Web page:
Mica has shades of brown, green and yellows when spilt. 

Mica is used in industrial applications like the manufacture of drywall and used as natural glitter and adding shine to cosmetics.


Garnets are usually bright red flecks embedded in the volcanic rocks. 

Garnets are semi precious stones that are usually red in color. They can be found in every color, but the only ones I have seen in this area are the most common red color. 

Garnets can be found by careful rock breaking and embedded in the hard volcanic rock that forms the basin of Lake Winnipeg. 

Look through the broken rocks that can be found along the shoreline of the lake or in the area around the lake. 

Garnets are used in jewelry and as decorative stones, and it is the birthstone for January. 

Garnets are often visible in cut and quarried archeological stone in older structures. Look closely at cabins and chimneys in the area and you may see the shiny red garnets that are plentiful. 


Beryl around Lake Winnipeg is green to yellow beryllium aluminum silicate. This stone can form emerald and aquamarine. 

Beryl, like many of the other stones at Lake Winnipeg can be found embedded in granite. 

When hunting for beryls look for white, yellow or green crystals on the broken pieces of granite in older quarry sites or areas with collections of broken stones. 

This is a difficult stone to find, but there have been some beautiful samples found around the lake and in Manitoba.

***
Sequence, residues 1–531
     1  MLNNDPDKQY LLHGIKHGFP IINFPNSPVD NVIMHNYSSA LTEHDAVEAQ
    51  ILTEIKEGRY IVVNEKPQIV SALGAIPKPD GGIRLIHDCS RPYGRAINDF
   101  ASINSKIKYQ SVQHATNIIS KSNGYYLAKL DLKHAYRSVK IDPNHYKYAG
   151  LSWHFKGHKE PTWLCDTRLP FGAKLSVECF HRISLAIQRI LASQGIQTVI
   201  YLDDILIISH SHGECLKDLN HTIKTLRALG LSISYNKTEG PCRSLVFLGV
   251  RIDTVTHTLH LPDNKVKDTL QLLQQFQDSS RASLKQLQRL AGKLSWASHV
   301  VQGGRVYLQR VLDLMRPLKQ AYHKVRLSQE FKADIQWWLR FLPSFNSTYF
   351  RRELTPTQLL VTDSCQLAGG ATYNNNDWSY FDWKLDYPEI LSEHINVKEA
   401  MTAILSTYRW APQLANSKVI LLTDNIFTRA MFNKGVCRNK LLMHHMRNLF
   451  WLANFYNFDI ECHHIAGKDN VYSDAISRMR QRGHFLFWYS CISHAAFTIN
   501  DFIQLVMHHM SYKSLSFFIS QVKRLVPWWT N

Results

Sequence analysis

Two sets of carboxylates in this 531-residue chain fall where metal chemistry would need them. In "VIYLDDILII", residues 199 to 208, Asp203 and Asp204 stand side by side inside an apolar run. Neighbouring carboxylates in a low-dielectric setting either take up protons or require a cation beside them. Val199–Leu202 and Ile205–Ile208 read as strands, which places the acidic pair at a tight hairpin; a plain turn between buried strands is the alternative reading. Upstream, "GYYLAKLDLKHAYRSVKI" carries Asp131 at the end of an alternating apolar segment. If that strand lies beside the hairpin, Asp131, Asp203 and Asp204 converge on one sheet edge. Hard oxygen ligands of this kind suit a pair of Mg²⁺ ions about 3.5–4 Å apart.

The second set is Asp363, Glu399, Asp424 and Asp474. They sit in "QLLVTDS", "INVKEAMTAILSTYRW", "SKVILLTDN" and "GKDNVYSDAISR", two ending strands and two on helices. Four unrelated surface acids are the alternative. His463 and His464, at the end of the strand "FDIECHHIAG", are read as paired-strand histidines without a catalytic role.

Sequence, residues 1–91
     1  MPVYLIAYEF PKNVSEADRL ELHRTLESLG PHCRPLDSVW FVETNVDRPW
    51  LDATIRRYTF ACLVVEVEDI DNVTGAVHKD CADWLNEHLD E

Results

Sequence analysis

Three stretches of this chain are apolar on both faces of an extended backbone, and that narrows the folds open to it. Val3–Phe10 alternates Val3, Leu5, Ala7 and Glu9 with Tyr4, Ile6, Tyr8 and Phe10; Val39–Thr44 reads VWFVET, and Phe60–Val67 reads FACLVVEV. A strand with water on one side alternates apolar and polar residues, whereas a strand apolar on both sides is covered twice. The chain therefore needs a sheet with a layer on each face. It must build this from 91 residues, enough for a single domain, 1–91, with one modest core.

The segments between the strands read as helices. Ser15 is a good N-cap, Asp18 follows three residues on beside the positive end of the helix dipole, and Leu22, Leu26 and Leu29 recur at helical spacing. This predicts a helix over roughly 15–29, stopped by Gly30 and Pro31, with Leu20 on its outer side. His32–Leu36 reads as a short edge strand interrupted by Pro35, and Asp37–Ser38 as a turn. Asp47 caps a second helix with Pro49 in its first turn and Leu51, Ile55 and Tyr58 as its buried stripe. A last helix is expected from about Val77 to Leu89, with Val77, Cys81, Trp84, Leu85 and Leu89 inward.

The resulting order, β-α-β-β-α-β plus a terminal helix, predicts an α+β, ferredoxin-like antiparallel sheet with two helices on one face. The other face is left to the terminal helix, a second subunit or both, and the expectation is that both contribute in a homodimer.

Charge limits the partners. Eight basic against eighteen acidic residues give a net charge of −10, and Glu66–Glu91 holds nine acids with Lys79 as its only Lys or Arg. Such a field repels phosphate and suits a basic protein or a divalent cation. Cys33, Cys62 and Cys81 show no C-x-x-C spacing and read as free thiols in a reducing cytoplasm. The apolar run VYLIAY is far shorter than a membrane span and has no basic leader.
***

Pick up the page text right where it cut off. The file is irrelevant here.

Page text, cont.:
The Tanco Mine, located close to the southern end of the lake has uncovered many large samples of beryl. 

Mining around this area is a large industry and has been for many years. The areas where mining has stopped can be good places to look for beryl. 

Be careful to obey all posted signage and only collect where safe and legal. Abandoned mines can be incredibly dangerous. 

Carry With You

If you are planning a hike where there will be rocks to pick through, consider packing one of the following:

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Rock Collecting at Lake Winnipeg

When visiting Lake Winnipeg notice the broken stones and explore for examples of feldspar, granites, quartz and garnets. 

The stones in Lake Winnipeg are largely garnet and limestone and many of the stones are embedded deep in the rocks. 

The best way to find the more interesting stones is to visit some of the abandoned quarry sites around Manitoba. 

The Rock Shop, which is a little less than two hours from the lake, is a great place to learn more about the local geology and to uncover the more precious stones in the area. It is available for tours, but they must be booked in advance. 

There have been conservation efforts at Lake Winnipeg, but the area has not been classified as a nature reserve or national park, but it is important to respect any posted signage and local laws about collecting and removing rocks. 

Turtle Island in  Lake Winnipeg is part of a reserve by the Sagkeeng First Nations and the Anishinaabe people have lived in the area for hundreds of years. Consider supporting local craftsman when in the area. 

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Types of Rocks at Lake Winnipeg